In Hezekiah’s Tunnel

One of the most interesting figures in the bible is King Hezekiah—reformer, builder, and entirely historical, attested to in a passel of extra-biblical sources. New sources have been excavated over the last few weeks.

Archaeologists place Hezekiah’s reign as stretching from 715 (or ’16) to 686 BC. Hezekiah was king of the southern of the two Jewish kingdoms—Judea, corresponding to central Israel and the southern lobe of the West Bank. He dramatically expanded Jerusalem’s power and its population, and helped reunite the 12 tribes, despite their being spread over his kingdom and the Kingdom of Israel to the north. He refused to continue playing tribute to Assyria, so Assyria’s King Sennacherib invaded, and laid siege to Jerusalem. The siege is discussed in a number of ancient sources; an ancient Assyrian tablet recording Assyria’s campaign in Ethiopia says this about it: “As to Hezekiah, the Jew, he did not submit to my yoke, I laid siege to 46 of his strong cities … and conquered them … Himself I made a prisoner in Jerusalem, his royal residence, like a bird in a cage.”

Hezekiah prepared for Assyria’s wrath at his non-tribute by forming an alliance with Egypt. When Assyria invaded, Egypt (evidently) refused to honor the alliance, so Hezekiah was forced to prepare for war against a vastly stronger enemy. In fact, the first thing he did, as Assyria started to raze Judea’s towns, was pay Assyria an enormous peace settlement, to bring the war to a swift end. Assyria accepted the settlement, but continued the war.

At this point, Hezekiah did two things. The first was build a massive wall, the so called “Broad Wall,” which, despite being 2700 years old, can still be seen today in the Old City of Jerusalem (you know, the part the UN says Jews are illegally settling.) To go with the wall—according to 2 Chronicles—”when Hezekiah saw the Sennacherib had come and that he intended to wage war against Jerusalem, he consulted with his officials and military staff about blocking off the water from the springs outside the city, and they helped him. They gathered a large group of people who blocked all the springs and the stream that flowed through the land. ‘Why should the kings of Assyria come and find plenty of water?’ they said.” 2 Kings adds some detail: “Hezekiah made the pool and the tunnel by which he brought water into the city.”

That tunnel—Hezekiah’s Tunnel, also known as the Siloam Tunnel—is perhaps what Hezekiah is best known for today. It’s a remarkable thing. It winds its way deep under Jerusalem; it’s 1,500 feet long, and despite an altitude difference of less than a foot between the source spring and the reservoir to which the water is being moved, water is able to flow smoothly from one end to the other.

But what really makes the tunnel remarkable is the way in which it was built. Hezekiah needed his tunnel pronto—so his engineers began carving it out of solid rock at both ends, simultaneously. Where the two teams of tunnel-men met in the middle, an inscription was carved; it’s 2,700 years old, but can still be read (mostly); it lives in a museum in Turkey.

It says, in part; “This is the story of the tunnel … while the axes were against each other and while three cubits were left to cut … the voice of a man called to his counterpart … and on the day of the tunnel being finished the stonecutter struck each man towards his counterpart, ax against ax, and flowed water from the source to the pool for 1,200 cubits, and 100 cubits was the height over the head of the stonecutters.”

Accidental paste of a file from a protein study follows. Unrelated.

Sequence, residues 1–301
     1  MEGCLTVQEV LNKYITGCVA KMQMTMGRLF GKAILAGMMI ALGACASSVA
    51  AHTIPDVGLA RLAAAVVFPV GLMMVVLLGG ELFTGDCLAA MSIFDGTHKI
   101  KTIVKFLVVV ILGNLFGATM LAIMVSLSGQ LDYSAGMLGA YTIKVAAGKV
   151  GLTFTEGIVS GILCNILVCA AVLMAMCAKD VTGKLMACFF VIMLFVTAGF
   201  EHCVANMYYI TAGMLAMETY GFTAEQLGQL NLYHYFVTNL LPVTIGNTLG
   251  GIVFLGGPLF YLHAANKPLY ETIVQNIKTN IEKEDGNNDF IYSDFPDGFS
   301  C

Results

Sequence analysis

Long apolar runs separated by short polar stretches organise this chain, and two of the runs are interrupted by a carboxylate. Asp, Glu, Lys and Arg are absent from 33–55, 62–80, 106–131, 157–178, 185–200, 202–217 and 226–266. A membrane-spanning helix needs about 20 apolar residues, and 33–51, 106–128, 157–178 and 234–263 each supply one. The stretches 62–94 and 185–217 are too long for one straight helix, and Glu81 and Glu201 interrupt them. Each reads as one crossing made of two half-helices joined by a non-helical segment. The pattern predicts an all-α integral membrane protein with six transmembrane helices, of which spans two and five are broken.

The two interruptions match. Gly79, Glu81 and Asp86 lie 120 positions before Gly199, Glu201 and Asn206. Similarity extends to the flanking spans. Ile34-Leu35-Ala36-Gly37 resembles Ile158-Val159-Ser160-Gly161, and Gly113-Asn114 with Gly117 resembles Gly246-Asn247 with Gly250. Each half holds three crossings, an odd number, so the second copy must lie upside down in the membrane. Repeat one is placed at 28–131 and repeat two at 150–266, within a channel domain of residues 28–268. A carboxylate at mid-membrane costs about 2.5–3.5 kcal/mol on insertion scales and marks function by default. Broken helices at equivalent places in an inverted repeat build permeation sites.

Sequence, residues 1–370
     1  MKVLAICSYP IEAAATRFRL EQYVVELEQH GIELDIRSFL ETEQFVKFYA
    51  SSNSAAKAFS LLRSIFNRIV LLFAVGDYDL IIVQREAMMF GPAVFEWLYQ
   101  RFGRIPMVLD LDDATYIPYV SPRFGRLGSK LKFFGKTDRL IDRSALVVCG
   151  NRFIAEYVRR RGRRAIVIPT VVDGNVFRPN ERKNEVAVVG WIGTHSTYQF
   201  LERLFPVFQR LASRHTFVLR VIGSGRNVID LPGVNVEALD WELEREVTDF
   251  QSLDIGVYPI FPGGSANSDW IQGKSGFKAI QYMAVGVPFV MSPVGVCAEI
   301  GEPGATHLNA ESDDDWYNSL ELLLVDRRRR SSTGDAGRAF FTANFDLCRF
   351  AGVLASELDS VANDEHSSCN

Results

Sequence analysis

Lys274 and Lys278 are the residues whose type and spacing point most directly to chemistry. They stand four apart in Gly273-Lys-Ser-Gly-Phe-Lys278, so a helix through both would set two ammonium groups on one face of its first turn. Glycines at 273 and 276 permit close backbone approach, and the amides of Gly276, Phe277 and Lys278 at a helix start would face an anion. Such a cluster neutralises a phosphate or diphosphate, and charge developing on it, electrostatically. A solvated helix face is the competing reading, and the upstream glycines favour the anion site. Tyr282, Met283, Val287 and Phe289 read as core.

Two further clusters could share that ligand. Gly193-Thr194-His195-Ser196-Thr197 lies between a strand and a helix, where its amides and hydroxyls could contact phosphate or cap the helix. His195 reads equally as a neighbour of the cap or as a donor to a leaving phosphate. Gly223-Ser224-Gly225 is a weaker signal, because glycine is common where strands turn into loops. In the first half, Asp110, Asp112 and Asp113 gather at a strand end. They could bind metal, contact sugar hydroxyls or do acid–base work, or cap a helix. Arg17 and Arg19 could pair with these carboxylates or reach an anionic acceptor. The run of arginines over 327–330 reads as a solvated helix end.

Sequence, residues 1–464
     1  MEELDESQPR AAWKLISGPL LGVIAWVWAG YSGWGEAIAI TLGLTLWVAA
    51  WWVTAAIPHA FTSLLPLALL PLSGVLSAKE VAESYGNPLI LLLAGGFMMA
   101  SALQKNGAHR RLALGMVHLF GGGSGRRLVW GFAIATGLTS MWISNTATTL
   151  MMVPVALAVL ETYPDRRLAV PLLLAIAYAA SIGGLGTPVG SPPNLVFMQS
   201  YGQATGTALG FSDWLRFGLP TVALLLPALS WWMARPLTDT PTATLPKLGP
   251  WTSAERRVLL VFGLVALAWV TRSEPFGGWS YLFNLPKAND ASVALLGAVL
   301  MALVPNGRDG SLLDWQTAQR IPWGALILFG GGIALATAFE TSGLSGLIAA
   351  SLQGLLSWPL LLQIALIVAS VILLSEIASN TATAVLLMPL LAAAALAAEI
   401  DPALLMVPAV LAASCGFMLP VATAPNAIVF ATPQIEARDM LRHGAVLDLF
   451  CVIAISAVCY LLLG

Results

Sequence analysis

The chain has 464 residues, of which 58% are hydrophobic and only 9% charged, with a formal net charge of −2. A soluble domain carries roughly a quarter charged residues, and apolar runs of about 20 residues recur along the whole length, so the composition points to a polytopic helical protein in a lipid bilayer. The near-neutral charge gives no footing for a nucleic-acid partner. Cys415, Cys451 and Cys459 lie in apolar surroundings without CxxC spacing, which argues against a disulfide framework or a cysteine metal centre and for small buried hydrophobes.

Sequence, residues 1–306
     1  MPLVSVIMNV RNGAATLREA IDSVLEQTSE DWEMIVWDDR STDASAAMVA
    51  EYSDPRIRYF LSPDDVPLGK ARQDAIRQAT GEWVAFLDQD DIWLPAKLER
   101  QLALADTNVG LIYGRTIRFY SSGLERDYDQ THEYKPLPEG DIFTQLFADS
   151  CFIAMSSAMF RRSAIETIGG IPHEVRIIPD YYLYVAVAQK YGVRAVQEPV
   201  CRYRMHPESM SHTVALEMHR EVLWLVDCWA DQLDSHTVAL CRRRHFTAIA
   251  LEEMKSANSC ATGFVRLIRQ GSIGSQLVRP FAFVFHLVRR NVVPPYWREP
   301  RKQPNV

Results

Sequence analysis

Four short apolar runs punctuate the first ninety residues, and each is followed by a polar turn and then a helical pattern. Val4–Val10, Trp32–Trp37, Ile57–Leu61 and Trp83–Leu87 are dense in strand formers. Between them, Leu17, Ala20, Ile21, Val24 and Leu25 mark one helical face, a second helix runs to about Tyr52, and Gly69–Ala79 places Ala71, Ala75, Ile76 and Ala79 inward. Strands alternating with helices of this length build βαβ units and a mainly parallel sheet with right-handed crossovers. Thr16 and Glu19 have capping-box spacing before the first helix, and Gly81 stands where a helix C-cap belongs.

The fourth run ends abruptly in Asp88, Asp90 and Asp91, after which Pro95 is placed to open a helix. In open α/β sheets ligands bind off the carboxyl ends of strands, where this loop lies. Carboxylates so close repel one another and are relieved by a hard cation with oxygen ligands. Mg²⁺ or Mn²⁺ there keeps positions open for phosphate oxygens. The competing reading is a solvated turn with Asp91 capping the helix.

That last remark—100 cubits overhead—is especially telling: The height of stone over the tunnel changes constantly, as the city undulates above it. This indicates the two teams of stonecutters knew exactly where they were when they met.

(Incidentally, in Israel you can walk the tunnel, if you don’t mind your feet getting wet.)

So, Hezekiah was a builder, and under his rule, Jerusalem was a remarkable place. In the end, Sennacherib was assassinated (by one of his sons) before he was able to complete his conquest of Judea, and the Jews lived on to fight another day. However …

On his way to Jerusalem, Sennacherib destroyed a number of other Jewish settlements, including a town called Lacish. If you go to Lacish today, you can see the Assyrian siege ramp used to capture it. Like so many biblical sites in Israel, it’s under constant archeological study, and something very interesting has just been discovered.

The original raison d’être of Judaism was stamping out the savage, barbarous, pagan levantine religions. (You might say that Judaism was the civilized man’s answer to human sacrifice.) During the years leading up to Hezekiah’s reign, some of the old tribal religions were making a comeback in Israel and Judea, and Hezekiah would have none of it. One of the local pagan gods was Ba’al (the name Hannibal—as in Hannibal of Carthage—means “grace of Ba’al.”) Ba’al was sometimes worshiped by the roasting of children on brazen altars, and was thus unpopular with Jews. The bible refers to the despoiling of a shrine to Ba’al: the King (not Hezekiah but Jehu, a slightly earlier king of Israel) “broke down the house of Ba’al, and made it a draught-house”—i.e., made it a bathroom.

This was assumed by many to have been a metaphor. But a few weeks ago, excavations at Lacish found remnants of a pagan altar room, and inside it, a smashed altar, and beside that, seals of Hezekiah, and beside those, in perfect condition, an unmistakable stone-hewn privy.

Soil samples taken beneath it suggest it was never used. Hezekiah put it there for the symbolism, evidently. Or maybe as a remark on his esteem of paganism.

Anyway—another page of the Bible turns out to be based in historical fact. Always interesting.

This post originally appeared on Weekly Standard

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